To install, I removed portions of the grille, the plastic headlight surrounds, then the headlights themselves, being vigilant not to crack any of the 27 year old plastic bits. The headlights have a metal “bucket” on the back and a polished silver ring around the edge. I separated the buckets from rings, and went to install the lights. While they are plug-and-play, with my old ’92 Pajero, I had to modify the metal buckets to make room for the new lights’ cooling fins. I simply used my Dremel tool to remove a bit of material, test fit, and reinstalled. Easy-peasy.

I did a quick test to see if the lights would work, and they did … on the low-beam setting only. It turns out that on my old Mitsu, I needed to get a headlight relay harness to use the high-beams. I ordered a harness from Speedway Motors for about $40 based on J.W. Speaker’s helpful tech department. This easy-to-install harness has two relays which get mounted in the engine bay, then plugged into the headlights, and attached to the battery. It was a very simple installation and just like that, I had functioning high- and low-beams.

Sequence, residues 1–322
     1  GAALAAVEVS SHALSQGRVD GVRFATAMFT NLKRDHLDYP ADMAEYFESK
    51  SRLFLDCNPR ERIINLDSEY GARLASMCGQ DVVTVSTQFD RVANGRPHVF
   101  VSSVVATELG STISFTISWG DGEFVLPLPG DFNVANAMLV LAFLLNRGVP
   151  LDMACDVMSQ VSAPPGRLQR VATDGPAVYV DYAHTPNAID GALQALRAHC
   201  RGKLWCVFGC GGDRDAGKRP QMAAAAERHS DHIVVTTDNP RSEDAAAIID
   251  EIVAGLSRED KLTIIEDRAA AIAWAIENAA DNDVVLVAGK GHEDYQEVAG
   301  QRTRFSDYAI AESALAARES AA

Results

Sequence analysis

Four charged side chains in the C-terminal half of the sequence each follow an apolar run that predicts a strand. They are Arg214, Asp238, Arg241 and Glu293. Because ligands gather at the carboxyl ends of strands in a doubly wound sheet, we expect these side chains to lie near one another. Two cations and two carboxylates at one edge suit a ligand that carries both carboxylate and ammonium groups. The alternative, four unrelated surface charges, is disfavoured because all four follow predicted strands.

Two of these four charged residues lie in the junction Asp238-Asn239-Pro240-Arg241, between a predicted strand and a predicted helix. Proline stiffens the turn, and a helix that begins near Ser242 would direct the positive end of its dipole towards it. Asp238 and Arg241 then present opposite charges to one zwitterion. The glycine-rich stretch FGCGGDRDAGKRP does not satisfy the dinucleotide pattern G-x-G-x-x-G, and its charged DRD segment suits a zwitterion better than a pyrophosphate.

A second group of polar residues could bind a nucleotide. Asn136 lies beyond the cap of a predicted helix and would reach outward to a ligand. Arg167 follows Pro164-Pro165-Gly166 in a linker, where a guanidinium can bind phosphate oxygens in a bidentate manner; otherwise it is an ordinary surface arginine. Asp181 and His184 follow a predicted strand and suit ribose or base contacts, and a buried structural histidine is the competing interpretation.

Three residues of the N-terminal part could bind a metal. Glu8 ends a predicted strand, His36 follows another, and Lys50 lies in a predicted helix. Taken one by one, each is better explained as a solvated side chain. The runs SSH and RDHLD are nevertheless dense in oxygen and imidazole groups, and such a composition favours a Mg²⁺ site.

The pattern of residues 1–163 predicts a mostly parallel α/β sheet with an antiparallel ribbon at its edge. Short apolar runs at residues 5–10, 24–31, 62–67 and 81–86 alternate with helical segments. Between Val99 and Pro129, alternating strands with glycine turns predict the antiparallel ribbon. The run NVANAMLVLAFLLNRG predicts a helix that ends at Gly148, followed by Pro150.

Now that I had my relay harness, my 8700 Evo 2 headlamps, and the modified OE bezels, it was time to test them out.

The Ralllitractor - 1992 Mitsubishi Pajero

Much like my previous experience with these lights, these Speaker lights didn’t disappoint. The low-light illumination was vastly improved over not only an OE halogen but the crappy HID kit that was on my Pajero originally. The high-beams were also brighter with a crisp, clear beam pattern. We’ve now had these headlights for about seven months, and they’ve been flawless. I would, however, recommend getting the heated versions if you venture into the snow or ice as it’ll keep your lights free of frozen precipitation.

As a second-time owner of J.W. Speaker lights, I can wholeheartedly recommend them to anyone looking to upgrade their headlamps. No, they’re not cheap at a price starting at $299.95 per light. But there are some things that are worth the extra cash in my opinion, and that that includes a good set of headlights. These high-quality units will probably last the life of the vehicle, too as one LED headlight has the life of over 50 halogen headlights.